A study by Lamont's Park Williams found that anthropogenic climate change was responsible for just over half of the total observed increase in fuel dryness since 1979. In turn, this influence has added more than 16,000 square miles of forest fire area to the western United States since 1984, nearly doubling the area scientists might have expected without the influence of similar climate change.
“Rapid intensification of large hurricanes is something that the forecasters have a lot of trouble with. The models don’t predict it very well," said Lamont's Adam Sobel. "Before reaching Haiti, it [Hurricane Matthew] went from tropical storm to category 5 in just a little more than a day. It may be the biggest rapid intensification of an Atlantic storm on record.”
Forbes talks with Lamont's Suzana Camargo about Hurricane Matthew and what we know today about the connections between climate change and extreme weather.
A new study led by Lamont's Kuheli Dutt suggests that the language that recommendation writers use to describe women may disadvantage them as job candidates, portraying them as less dynamic and excellent candidates than male counterparts.
Ben Holtzman and his colleagues involved in Lamont's Seismic Sound Lab are converting seismic data into sounds and animations, providing scientists with a new way to view what happens to Earth during earthquakes.
Female geoscientists applying for selective fellowships were less likely than their male counterparts to be described in glowing leadership-oriented terms such as “brilliant” or “trailblazer,” according to a new study from Lamont's Kuheli Dutt.
Women and men applying for geoscience postdocs receive very different letters of support from their mentors, a new study from Lamont's Kuheli Dutt shows.
All around the world, women studying geoscience are half as likely as men to receive outstanding letters of recommendation rather than merely good recommendations, new research led by Lamont's Kuheli Dutt shows. This is true no matter what region they come from.
Columbia University has appointed Lamont oceanographer and paleoclimatologist Peter B. deMenocal as Dean of Science in the Faculty of Arts and Sciences.
You can now eavesdrop on some of the world's largest earthquakes from deep inside the planet. A new project led by Lamont's Ben Holtzman and the Seismic Sound Lab lets you see, hear and feel seismic waves. The use of auditory seismology not only has educational applications, but can also lead to better earthquake predictions.
Science ministers from around the world meet in Washington, D.C., this week to discuss how Arctic warming is affecting life in the north and complicating global climate responses. Lamont's Peter Schlosser discussed some of the concerns scientists have about the region's future.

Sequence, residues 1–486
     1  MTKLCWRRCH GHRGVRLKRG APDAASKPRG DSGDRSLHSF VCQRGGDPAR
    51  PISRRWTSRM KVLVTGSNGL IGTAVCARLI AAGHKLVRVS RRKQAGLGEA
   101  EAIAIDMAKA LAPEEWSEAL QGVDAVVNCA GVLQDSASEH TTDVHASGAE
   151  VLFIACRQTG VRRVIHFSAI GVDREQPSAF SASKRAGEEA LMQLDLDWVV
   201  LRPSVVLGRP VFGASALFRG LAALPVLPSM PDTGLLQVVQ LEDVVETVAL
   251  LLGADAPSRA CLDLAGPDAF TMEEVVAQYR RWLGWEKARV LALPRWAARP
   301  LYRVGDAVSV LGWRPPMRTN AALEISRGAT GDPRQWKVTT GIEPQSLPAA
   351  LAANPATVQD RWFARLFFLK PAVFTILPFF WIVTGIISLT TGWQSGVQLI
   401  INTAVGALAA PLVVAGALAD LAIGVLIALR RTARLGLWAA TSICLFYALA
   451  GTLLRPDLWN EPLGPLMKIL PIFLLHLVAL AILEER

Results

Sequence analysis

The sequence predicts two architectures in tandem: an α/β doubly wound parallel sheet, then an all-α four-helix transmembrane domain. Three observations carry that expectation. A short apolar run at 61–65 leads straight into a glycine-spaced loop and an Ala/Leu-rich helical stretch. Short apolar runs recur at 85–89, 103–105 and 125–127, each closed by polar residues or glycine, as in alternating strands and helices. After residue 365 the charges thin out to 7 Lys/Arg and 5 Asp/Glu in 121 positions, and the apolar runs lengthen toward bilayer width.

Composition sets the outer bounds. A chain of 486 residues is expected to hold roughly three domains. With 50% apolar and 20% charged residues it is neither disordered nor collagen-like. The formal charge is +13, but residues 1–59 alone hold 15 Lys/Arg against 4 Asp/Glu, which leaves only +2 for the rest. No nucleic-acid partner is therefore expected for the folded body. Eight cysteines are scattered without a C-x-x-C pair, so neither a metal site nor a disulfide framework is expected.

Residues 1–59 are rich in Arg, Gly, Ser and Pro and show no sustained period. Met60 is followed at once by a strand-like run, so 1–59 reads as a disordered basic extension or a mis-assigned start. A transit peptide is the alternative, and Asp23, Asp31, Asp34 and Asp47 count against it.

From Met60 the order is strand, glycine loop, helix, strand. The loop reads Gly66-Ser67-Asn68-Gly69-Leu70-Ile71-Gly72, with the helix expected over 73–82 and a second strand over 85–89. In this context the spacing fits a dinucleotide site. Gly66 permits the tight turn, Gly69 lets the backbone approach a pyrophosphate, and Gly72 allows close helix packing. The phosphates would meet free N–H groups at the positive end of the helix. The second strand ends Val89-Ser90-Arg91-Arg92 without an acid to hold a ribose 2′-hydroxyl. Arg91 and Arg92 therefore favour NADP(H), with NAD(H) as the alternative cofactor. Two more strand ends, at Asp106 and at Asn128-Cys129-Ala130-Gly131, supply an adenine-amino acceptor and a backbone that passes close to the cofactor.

Ameena Peters writes about her experiences as a student in Lamont's Secondary School Field Research Program and how it taught her leadership and inspired her love of science.
Simply put, a hotter atmosphere demands more water. In the drought-prone West, it sucks soils, shrubs and trees bone-dry – setting the stage for fire, Rolling Stone writes. It cites a 2015 Columbia University study, led by Lamont's Park Williams, that found California's drought was up to 25 percent more severe due to global warming.
The human dispersal out of Africa that populated the world was probably paced by climate changes, Lamont's Peter deMenocal writes in Nature.
Having a master's degree in geology was rare for a woman in the 1950s, but that didn't stop Lamont's Marie Tharp from changing the field forever.
Researchers from Lamont-Doherty Earth Observatory have worked with engineers from Reykjavik Energy to develop a method in which CO2 is mixed into water that is pumped underground into a volcanic rock called basalt. Lamont's Martin Stute explains.
Lamont's Art Lerner-Lam spoke with Chilean media about earthquake risks and building resilience during a visit to Chile shortly after the Italy earthquake. (In Spanish)
Lamont's Adam Sobel discusses the new NOAA finding that man-made climate change about doubled the chances for the type of heavy downpours that caused devastating Louisiana floods last month.
New York Magazine talks with Lamont's Klaus Jacob about urban planning in New York City amid the rising risks of climate change.
Lamont's Suzana Camargo explains why more research is needed to distinguish between natural variability and anthropogenic signal.